Bar top computer arcade

Here’s a pretty simple video arcade gaming system you can make at home. The bartop arcade style is small enough to be portable and fit nicely on a table or kitchen countertop. It is really easy for me to throw the arcade in the back seat of my car and take it to a friend’s house.

The heart of this video arcade is a desktop computer that’s about 10 years old. I had an old Gateway PC sitting around that I wanted to put to use instead of throwing away. This computer supplied the majority of the parts needed to build the arcade — though it’s slow by today’s standards, it still has plenty of computing power to run classic video game emulation programs. The computer has a Pentium 4 processor (3GHz on a single core) and Windows XP already installed, so I just installed the video game emulation programs on top of the Windows OS. When the arcade is switched on, it boots into Windows but then automatically goes right into the full-screen video game emulation program (more details about that below).

There are many options for how to configure the arcade emulation software. I went with a front end arcade software called GameEx that helps sort and configure all the video game systems and games. When the arcade finishes loading, GameEx shows a list of all the video game emulators, and in each one it lists all the games to choose from and play. And the options for video games are great for Windows: there are a lot of free, open source software projects that re-create near-identical versions of the classic video arcade machines and the home video game consoles from my childhood, everything from Atari to Nintendo to Sega systems and more.

Project Steps

Computer and parts

My old Gateway desktop computer was outdated by today’s standards but perfect for this project. This PC supplied the majority of the parts.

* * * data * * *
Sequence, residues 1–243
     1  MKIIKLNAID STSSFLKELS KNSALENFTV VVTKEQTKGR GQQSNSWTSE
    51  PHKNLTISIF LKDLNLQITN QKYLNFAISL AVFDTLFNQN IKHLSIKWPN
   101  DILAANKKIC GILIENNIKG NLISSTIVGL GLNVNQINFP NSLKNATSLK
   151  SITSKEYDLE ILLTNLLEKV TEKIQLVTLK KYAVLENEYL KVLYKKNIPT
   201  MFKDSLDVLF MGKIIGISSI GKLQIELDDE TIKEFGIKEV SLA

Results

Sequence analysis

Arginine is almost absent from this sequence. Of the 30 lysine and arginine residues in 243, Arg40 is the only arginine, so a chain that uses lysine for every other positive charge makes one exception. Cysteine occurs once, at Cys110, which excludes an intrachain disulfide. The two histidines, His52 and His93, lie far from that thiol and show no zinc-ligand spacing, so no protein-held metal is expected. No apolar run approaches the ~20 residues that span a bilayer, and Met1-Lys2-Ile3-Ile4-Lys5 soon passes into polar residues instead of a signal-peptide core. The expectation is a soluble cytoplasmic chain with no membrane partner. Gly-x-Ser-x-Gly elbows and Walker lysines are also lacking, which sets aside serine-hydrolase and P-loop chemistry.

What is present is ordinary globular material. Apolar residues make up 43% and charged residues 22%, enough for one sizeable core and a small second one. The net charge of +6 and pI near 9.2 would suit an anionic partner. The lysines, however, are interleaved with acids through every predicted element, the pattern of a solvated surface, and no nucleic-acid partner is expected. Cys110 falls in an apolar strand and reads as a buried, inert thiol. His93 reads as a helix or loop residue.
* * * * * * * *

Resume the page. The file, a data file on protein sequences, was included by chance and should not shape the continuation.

The computer specs are: Intel Pentium 4 3.4GHz processor, 400 watt power supply (that’s more than enough), 200 gigabyte IDE hard disc drive, 2GB of RAM, and Nvidia video card with another 1GB of memory.

Computer monitor/arcade screen

I wanted to find a computer monitor with a standard VGA input to use as the arcade screen. With a quick search on Craigslist I found a lightly used 4:3 (non-widescreen) monitor for only $25.

NOTE: Most new monitors are widescreen and would not fit in this build. But more important is the fact that these classic arcade and console games were made for the traditional 4:3 television and computer monitor display.


Here are the blueprints with dimensions for all plywood pieces used to build this bartop arcade. A higher quality PDF can be viewed here.

Measurements are in millimeters, except the holes are in inches!

Cutting the pieces

Cut out the plywood pieces following the blueprints.

I picked up the wood and hardware at Home Depot. The plywood is ½” birch that comes in 2’×4′ sheets. I ended up buying 3 of these sheets. At $12 a sheet it was not too expensive.

Build the frame

Use 1×2 pine reinforcements in all the corners for stability. These boards came in 8′ pieces and only cost about $2 each.

I have seen other arcade makers use aluminum angle for this same purpose.

The 2 holes in the bottom were cut out because the joysticks were longer than I expected and needed some more leg room.

Lay out the control panel

I measured by placing the joysticks and buttons on the panel to figure out the placement of everything. The joystick holes were drilled out with a 1½” bit, and the button holes with a 1⅛” bit.

I tried to put as much space between Player 1 and Player 2 as possible while still staying within the bounds of the side walls. (Some wall modification was needed with a Dremel tool due to miscalculation.)